I spent the greater part of a long summer day on this impressive height, reading, reflecting, or looking off
upon the charming landscape that surrounded me.
But during all that time not a single individual intruded on
my reveries, nor did I hear a human voice, save that of the
young driver of the jaunting-car, who at the appointed hour
brought me my basket-lunch. There was in some respects
a sadness in such solitude; and yet those lonely hours spent
in communion with the past drew me more closely to the heart
of Ireland than any other experience could have done. What
though some grassy mounds and a mysterious stone are all
that now remain to tell of Tara's triumphs?
It is not difficult to recreate those scenes, if only mind and heart respond to the
memories that the place evokes. The history of Tara stretches
back to a remote antiquity, upon whose legendary background
we discern, illumined by the glint of romance or the fire of
tragedy, some shadowy figures, magnified by the twilight into
huge proportions. According to Irish chroniclers, there
reigned here more than one hundred and forty Master-Monarchs,
to whom the adjoining province specially belonged, that
they might have the means of keeping up their Court with dignity.
Besides this, they claimed tribute from the subordinate
kings of the other provinces. One of the sovereigns of
Tara, Laegaire, whose grave is marked by a mound four hundred
feet in length, was buried, as he had asked to be, standing
erect and fully armed, his face turned toward the territory
of his foes. Another king, the famous Cormac, who reigned from
227 to 266 A.D., having met with the accidental loss of one of his
eyes, was obliged, in accordance with the law of Tara, to abdicate
and leave his palace, since no king might reside here who was
marked by any personal blemish.
What Erin's early capital was like is partially
disclosed by passages in ancient manuscripts. Thus,
one on them describes the Banquet Hall as being
more than seven hundred feed in length, and entered
by no less than fourteen doors. This vast
apartment had, on each side rows of seats and tables, between which, in the centre of the room, stood
vats of liquor lamps and fires.
Here frequently a hundred guests were entertained at once.
At one end sat the king and his chieftains, below whom were
arranged according to their rank the Court's historians,
doctors, poets, priests, and minstrels, and finally its jugglers,
jesters, and servants. The king, in one of these accounts,
is represented as a handsome man of royal bearing,
with flowing golden hair. His costume was a crimson cloak,
held at the breast by a magnificent brooch, while his shirt
was interwoven with gold threads, and around his waist
was a girdle sparkling with precious stones.
That such decorations were by no means tawdry or barbaric
is proved by the articles which have come down to us from that
epoch, and which are now preserved in the National Museum at Dublin.
Among these is the celebrated Tara brooch. This remarkable ornament
resembles, in the style and exquisite delicacy of its workmanship,
the Ardagh chalice; and, like that beautiful memorial, it too was
found by accident, discovered in 1850 by a child among the
pebbles of the seashore. Composed of white bronze, it shows
no less than seventy-six different patterns of filigree work,
similar to those used by the copyists in their illumination
of the Irish manuscripts. To appreciate the fineness of the
metal traceries, a magnifying glass must be employed,
and even the fastenings used to keep the patterns in place
are hardly visible to the unaided sight. It is worthy
of remark, too, that in this case also the reverse side is as
elaborately and conscientiously finished as the front.
On one of the mounds that crown the Hill of Tara stands
a statue of Saint Patrick, which, though possessing little value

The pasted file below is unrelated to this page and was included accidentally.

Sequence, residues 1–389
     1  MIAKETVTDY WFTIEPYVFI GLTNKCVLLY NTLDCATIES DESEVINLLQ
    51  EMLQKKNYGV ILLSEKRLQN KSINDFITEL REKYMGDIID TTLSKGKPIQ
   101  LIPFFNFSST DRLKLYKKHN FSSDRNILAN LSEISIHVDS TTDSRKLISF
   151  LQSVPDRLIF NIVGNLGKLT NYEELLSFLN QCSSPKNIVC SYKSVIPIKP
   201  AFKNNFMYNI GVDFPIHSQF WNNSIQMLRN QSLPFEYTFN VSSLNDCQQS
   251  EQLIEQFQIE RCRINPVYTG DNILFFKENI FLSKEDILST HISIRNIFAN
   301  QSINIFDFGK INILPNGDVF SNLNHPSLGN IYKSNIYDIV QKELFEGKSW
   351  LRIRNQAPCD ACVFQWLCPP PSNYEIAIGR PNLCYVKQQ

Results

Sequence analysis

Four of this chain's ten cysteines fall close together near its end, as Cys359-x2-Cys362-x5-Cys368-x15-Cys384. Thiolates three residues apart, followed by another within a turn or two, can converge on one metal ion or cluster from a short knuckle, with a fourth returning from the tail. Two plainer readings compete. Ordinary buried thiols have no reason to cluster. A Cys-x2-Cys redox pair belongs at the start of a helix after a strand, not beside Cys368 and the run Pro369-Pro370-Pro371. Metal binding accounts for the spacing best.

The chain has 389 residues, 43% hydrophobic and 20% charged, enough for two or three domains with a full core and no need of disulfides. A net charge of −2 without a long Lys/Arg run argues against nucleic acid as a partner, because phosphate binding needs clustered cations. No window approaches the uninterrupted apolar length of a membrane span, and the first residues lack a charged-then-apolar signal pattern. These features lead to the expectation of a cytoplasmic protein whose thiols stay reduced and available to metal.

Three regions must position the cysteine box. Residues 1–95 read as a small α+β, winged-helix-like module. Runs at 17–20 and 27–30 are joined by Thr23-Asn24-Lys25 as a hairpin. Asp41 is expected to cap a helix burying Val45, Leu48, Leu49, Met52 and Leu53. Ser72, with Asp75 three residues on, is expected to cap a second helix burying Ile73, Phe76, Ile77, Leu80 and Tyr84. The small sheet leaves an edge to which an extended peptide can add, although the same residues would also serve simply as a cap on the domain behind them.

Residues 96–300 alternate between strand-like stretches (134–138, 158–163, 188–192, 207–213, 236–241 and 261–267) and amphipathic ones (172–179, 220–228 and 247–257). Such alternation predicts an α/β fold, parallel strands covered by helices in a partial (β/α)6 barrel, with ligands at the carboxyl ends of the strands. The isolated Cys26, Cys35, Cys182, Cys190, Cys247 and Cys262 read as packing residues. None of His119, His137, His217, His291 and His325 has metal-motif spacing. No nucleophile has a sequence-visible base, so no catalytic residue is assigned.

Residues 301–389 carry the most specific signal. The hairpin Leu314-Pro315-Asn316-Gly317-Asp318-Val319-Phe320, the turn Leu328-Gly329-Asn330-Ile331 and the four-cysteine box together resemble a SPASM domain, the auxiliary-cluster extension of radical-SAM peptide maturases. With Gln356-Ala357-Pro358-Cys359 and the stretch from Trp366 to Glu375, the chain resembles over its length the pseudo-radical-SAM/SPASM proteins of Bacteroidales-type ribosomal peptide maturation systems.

as a work of art, recalls a memorable episode. It was on
Easter morning, in the year 428 A.D., that Saint Patrick came
here to the Court of King Laegaire, to expound the Christian
faith before the Irish sovereign, his chiefs and courtiers, and
the Druid priests. The Saint and his assistant missionaries
are said to have advanced into the royal presence, arrayed in
white, and carrying crosses in their hands ; and such was the
impression produced by their appearance and their words
that, notwithstanding the opposition of the pagan priests,
Laegaire permitted them to preach the new religion through his kingdom.
Close by the statue of Saint Patrick, which is of recent origin,
stands a mysterious stone, possessing great antiquity.
It is a roughly shapen monolith, undoubtedly connected with
the early history of Tara. In fact, Professor Petrie, the
distinguished Irish archaeologist, who devoted his
life to the study of Celtic antiquities, believed this to be the
famous "Stone of Destiny," on which for many generations
the kings of Ireland were crowned. We know that there
was such a stone, and if the supposition of Professor Petrie
be correct, it would be hard to over-value this souvenir of Irish sovereignty.
The customary belief, however, is that the original
stone was removed from Tara to Scotland in 503 A.D., to
solemnize the coronation there of the Irish prince, Fergus, who
then became the first king of Scots. It is further believed that
this remained in Scotland more than seven hundred years and
was the block on which all Scottish sovereigns were crowned; and it is
well known that, in 1297, it was taken by King Edward I to
London, where it has ever since been used in the coronation
ceremonies of all English monarchs, and where it still rests
under the Coronation Chair in Westminster Abbey.
If, then, the Irish stone was actually removed
to Scotland, as seems to me most probable, the lonely monolith on Tara Hill is not
the "Stone of Destiny."
It is impossible, however, to regard it as an ordinary object.
Its solitary situation, shape and size prove that it must
have played some part in Ireland's history, even if not so
prominent a one as that connected with the crowning of her kings.
Standing erect, as it now does, I could but fancy it a nameless
monument marking the tomb of Erin's former greatness, which
has been buried here for fourteen hundred years. Hence,
as I stood beside this mute memorial of departed glory,
I realized, as I never could have done elsewhere, the pathos
of Moore's touching lines :
The harp that once through Tara's halls
The soul of music shed,
Now hangs as mute on Tara's walls
As if that soul were fled.
No more to chiefs and ladies bright
The harp of Tara swells;
The chord alone, that breaks at night,
Its tale of ruin tells.
Text and photos from the John L. Stoddard's Lectures published in 1901.
John Lawson Stoddard (1850-1931) was an American writer and lecturer, famous for his travelogues.